Thursday, July 22, 2010

Marketers and Other Sex Workers

An interesting Seth Godin piece on marketing describes the friction between a marketer who's trying to seduce versus the intractable reluctance of some consumers to the amorous advances.
It's a lot easier to seduce someone who's worldview and attitude makes them open to it....and yet as marketers we seem to want to treat everyone the same, want to please everyone, want to come up with the magic words that open every heart.
I think a much clearer idea of the dynamics could be gleaned by substituting "prostitute" for "marketer".

By identifying as a marketer, you unfasten yourself from the things you might happen to market (much as a self-styled Lothario is detached from any deep loving devotion for cherished Other). Of course, for most of us, the notion of a "marketer" existing independently from whatever's being marketed seems perfectly normal. Indeed, many careers revolve around exactly that. But from my peculiar vantage point, this puts everything ass-backwards.

I was fairly successful at guerilla marketing Chowhound, but it never occurred to me to think of myself as a marketer. I was just spreading word about something I deemed cool and useful. In so doing, I often felt quite alone amid myriad other web entrepreneurs who appeared to be doing the same, because nearly all of them were coming from a very different perspective. They were
pretending - some very skillfully, others not so much. And to market for the sake of marketing is to feign passion...i.e. to whore.

I recall a meeting at CNET shortly after they bought Chowhound, where the brass was discussing strategies for cultivating a brand image of "passion and authenticity". I sat there listening with the uncomfortable sensation that my brain was about to explode.

It's jarring to find oneself decked out in cheap mascara and fishnet stockings en route to an evening with one's true love. Yes, marketers want to "open every heart". Because they're marketing, and the gig is about getting over. It's not so much about the product as about "about the product". This involves an agenda of manipulation, rather than sincerity or love. And that's precisely how big, bland, crappy crap gets foisted on us.

For most people, who consume in lockstep with this untethered marketing machine, it's never really about the product, either. We feign to enjoy soulless products marketed at us via canny feint. As in any bordello, feigning rules supreme, and neither side wants reality to intrude.

Chowhound wasn't feigned, and it certainly wasn't for everyone. In fact, the last thing in the world I wanted was for all of humanity to blow through our doors. I wasn't marketing to market, and it was never about "about the product". I wanted to find kindred spirits and genuinely delight them - not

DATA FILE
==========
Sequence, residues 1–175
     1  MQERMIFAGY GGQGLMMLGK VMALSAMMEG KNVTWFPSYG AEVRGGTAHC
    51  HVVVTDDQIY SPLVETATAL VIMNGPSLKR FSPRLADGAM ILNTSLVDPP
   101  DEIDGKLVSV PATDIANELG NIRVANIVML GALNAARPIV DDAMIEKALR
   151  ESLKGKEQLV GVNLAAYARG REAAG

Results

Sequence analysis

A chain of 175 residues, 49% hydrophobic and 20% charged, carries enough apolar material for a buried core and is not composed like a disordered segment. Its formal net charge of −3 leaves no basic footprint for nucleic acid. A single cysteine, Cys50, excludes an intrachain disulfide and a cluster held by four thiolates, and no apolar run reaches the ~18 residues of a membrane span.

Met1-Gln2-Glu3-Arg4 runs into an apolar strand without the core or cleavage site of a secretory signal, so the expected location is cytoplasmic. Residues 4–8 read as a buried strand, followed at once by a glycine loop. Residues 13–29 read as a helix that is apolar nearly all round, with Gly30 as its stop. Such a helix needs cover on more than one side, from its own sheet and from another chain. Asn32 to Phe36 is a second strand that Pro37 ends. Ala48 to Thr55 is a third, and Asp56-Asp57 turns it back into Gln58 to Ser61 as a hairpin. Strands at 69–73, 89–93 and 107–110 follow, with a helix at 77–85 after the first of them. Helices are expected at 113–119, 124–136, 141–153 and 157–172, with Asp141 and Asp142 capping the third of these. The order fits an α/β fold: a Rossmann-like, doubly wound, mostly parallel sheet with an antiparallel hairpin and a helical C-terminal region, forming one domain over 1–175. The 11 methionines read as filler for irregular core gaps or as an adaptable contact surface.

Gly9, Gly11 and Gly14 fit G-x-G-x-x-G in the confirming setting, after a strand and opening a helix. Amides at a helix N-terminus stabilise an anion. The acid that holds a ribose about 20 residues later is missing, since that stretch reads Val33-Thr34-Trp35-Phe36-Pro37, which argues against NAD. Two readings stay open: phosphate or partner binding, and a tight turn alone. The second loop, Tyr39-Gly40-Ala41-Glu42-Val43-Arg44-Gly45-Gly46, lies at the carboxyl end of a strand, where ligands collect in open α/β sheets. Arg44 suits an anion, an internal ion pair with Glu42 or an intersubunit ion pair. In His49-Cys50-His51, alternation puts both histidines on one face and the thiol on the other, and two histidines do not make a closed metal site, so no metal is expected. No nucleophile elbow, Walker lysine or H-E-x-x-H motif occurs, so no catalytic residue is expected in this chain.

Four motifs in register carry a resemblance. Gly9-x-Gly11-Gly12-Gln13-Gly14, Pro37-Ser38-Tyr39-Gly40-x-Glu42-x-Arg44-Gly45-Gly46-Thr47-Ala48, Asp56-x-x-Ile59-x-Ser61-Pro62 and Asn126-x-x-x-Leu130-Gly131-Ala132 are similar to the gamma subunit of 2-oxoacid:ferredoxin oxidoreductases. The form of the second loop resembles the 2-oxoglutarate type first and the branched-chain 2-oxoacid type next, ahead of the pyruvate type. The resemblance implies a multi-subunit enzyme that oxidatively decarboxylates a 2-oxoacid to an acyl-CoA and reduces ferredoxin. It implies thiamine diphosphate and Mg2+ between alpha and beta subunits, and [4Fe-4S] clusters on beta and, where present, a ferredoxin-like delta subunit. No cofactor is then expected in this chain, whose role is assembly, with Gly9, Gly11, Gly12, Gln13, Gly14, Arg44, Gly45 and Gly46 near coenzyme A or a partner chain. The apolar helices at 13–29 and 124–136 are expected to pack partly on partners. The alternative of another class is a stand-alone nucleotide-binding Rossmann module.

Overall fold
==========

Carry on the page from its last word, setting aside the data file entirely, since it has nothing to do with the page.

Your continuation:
make them feel delighted (hoping they'd take action beneficial to me). The latter is a very different - and distinctly sex-workerish - objective.


Seth Godin said...

What to call people, Jeff, who have a product or service they'd like a lot of people to try and buy, but just the right people, the people who will appreciate it, the people who will get the love that they put into it in the first place?

These people (for all of our sakes) would do well to learn how to communicate their passion, price it properly, put it in front of the right people so we can actually find out about it and so they can make enough of a living to continue.

I'm happy to call them marketers, but marketers of the good kind. If you have a better word for them, would love to hear it.

Seth Godin said...

"Jeff", of course, being a combination of Jim and Leff.

Sorry about that...

Jim Leff said...

No problem re: "Jeff"...I actually answer to that at this point!

Such people won't experience the frustration you described in your article, because marketing isn't their thrust; evangelization flows as natural communication about a truly worthy thing. Not fake. Not cold-blooded. Not manipulative.

Professionals seducers focus their attention on the stagecraft of seduction rather than the truth of it all...and if that's the focus, your very livelihood hinges on your ability to, er, "close the deal" in some way/shape/form. Period. Wham, bam, thank you ma'am.

And that's the reason for the seduction dysfunction. Loveless overtures from a seduction professional will only go so far, and only appeal to a certain element. And this is inevitably a source of frustration for those, er, professionals.

I disagree about the value of giving the tools of the trade to sincere evangelizers. Recall, please, the migraine I had at that CNET meeting. My simple-minded earnestness had taken my product leagues beyond what their clumsy tools could offer (later at that same meeting, I was asked to consider, if Chowhound were a color, what COLOR would it be?).

The spontaneous, honest expression of true love is just way better. And feels better, on both sides of the equation.

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